Forum Fellow Jonathan Birch explores what microbiology can teach us about cultural evolution

In recent decades, biologists have discovered a hidden social world that exists all around us—the social world of microbes. We now realize that a blob on a Petri dish, or the plaque on our teeth, is in reality a dynamic social network: a ‘biofilm’ in which vast numbers of microorganisms (often including members of several different species) cooperate with each other in complex and evolutionarily significant ways.

These amazing phenomena are worth understanding for their own sake, and there are possible medical applications too. But there is also, I think, a less obvious reason to study the evolution of cooperation in microbes—we should do it to help us understand the evolution of cooperation in humans.

There are, of course, obvious differences between human evolution and microbial evolution. They don’t have religions, states, and legal systems. We don’t split in half every 20 minutes. But behind the big differences there is one crucial similarity. For we humans have rediscovered something that went missing for the half-billion years or so of evolution that separate us from our single-celled ancestors. We have rediscovered horizontal transmission.

By ‘horizontal transmission’, I mean the passing of traits from one organism to another through processes that don’t involve reproduction. Microbes do it: they have so-called ‘mobile genetic elements’ that spread from cell to cell in a variety of ways, including via the ‘conjugation’ of adjacent cells. Humans do it too: we have social learning and culture, through which we acquire virtually all of our beliefs, desires, values, skills, habits, and so on.

So, to understand the dynamics of cultural evolution that have shaped (and continue to shape) our species, we need to understand the transformative effects of widespread, large-scale horizontal transmission on the evolutionary process. Studying the traditional model organisms of behavioural ecology—ants, bees, baboons, and so on—probably won’t tell us very much about that. But studying microbes may do so. There are no guarantees, of course, given the huge differences involved, but the potential connections here are well worth pursuing.

Here’s a specific example. In a recent article, I explored the possibility that cooperative traits might evolve more easily if, after causing the cooperative act, the genes responsible are able to ‘jump ship’ from the organisms who performed the action to those who received the benefits. There’s some experimental evidence suggesting that this kind of thing really can happen in microbes. However, as a philosopher, my interest was in proving its possibility, and in thinking about its conceptual implications, rather than in demonstrating its reality.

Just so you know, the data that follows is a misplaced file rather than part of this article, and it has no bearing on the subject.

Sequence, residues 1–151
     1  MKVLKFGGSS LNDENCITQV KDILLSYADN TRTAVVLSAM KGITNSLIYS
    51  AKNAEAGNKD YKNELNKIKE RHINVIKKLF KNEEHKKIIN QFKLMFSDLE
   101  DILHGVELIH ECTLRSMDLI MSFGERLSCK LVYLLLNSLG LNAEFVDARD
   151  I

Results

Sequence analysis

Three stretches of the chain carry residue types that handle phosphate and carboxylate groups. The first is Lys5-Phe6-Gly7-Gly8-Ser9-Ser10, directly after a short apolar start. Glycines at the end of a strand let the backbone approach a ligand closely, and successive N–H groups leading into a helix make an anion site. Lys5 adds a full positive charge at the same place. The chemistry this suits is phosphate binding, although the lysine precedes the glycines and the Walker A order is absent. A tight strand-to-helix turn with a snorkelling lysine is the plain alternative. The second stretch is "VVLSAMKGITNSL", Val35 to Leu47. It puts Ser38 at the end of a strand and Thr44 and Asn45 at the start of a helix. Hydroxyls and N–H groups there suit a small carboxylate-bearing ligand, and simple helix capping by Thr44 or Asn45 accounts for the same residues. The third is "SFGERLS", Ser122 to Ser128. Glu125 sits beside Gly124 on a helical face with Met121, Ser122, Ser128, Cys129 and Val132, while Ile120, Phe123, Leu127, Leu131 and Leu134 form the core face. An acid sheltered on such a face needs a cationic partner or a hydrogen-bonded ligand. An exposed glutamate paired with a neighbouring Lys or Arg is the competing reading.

In particular, I think the mere possibility of ship jumping has consequences for the way we think about concepts such as genetic relatedness and inclusive fitness in microbes. Traditionally, whether or not two organisms count as ‘genetically related’ depends on their past—on whether or not they have parents or other ancestors in common. But what matters fundamentally in evolution is the future—will this organism contribute copies of your genes to future generations or not? If it will, then it may be in your interest to help that organism, even if you don’t have any recent ancestors in common.

The possibility of ship jumping makes this point quite vivid. When genes are jumping about between organisms, there may be organisms near to you in space who don’t currently share your genes for cooperation but will share them in the future, at the time they reproduce. These organisms have value to you as a potential route to genetic representation in future generations. Even though they aren’t your ‘relatives’ in the traditional sense, helping them is a way to increase your inclusive fitness.

So my suggestion, roughly speaking, is that when we’re thinking about the evolution of cooperation in microbes, we should really think of an organism’s ‘genetic relatives’ as those organisms that will, in the future, possess the genes that it has now, and not as those organisms with whom it shares recent ancestors, or as those organisms it currently resembles genetically.

What’s really interesting is that all the same points carry over to the case of cultural evolution. Here we have something analogous to horizontal gene transfer: people influence the beliefs, desires, values, and other ‘cultural variants’ of members of their generation. This leads to the possibility of a kind of ‘cultural ship jumping’, where expressing a belief or desire comes at a cost to your own biological fitness, but offers more opportunities to transmit that belief or desire horizontally to others. Having this sort of belief or desire could increase your ‘cultural inclusive fitness’, improving your total cultural representation in future generations, even if it detracts from your biological inclusive fitness.

As with so much of cultural evolution theory, this idea is still very speculative, and it’s not yet clear what real-world phenomena we might be able to explain with concepts such as ‘cultural inclusive fitness’ and ‘cultural ship jumping’. But what does seem clear is that in developing a theory of cultural evolution there are important lessons to be learned from microbiology.

Jonathan Birch is a Fellow of the Forum and Assistant Professor in the Department of Philosophy, Logic and Scientific Method, LSE. His work  concerns the evolution and psychology of social behaviour, and he has a particular interest in the conceptual foundations of inclusive fitness theory. This piece is based on his paper ‘Gene Mobility and the Concept of Relatedness‘, Biology and Philosophy, 2014, 29, pp. 445–76.

This post first appeared on the LSE Philosophy Blog.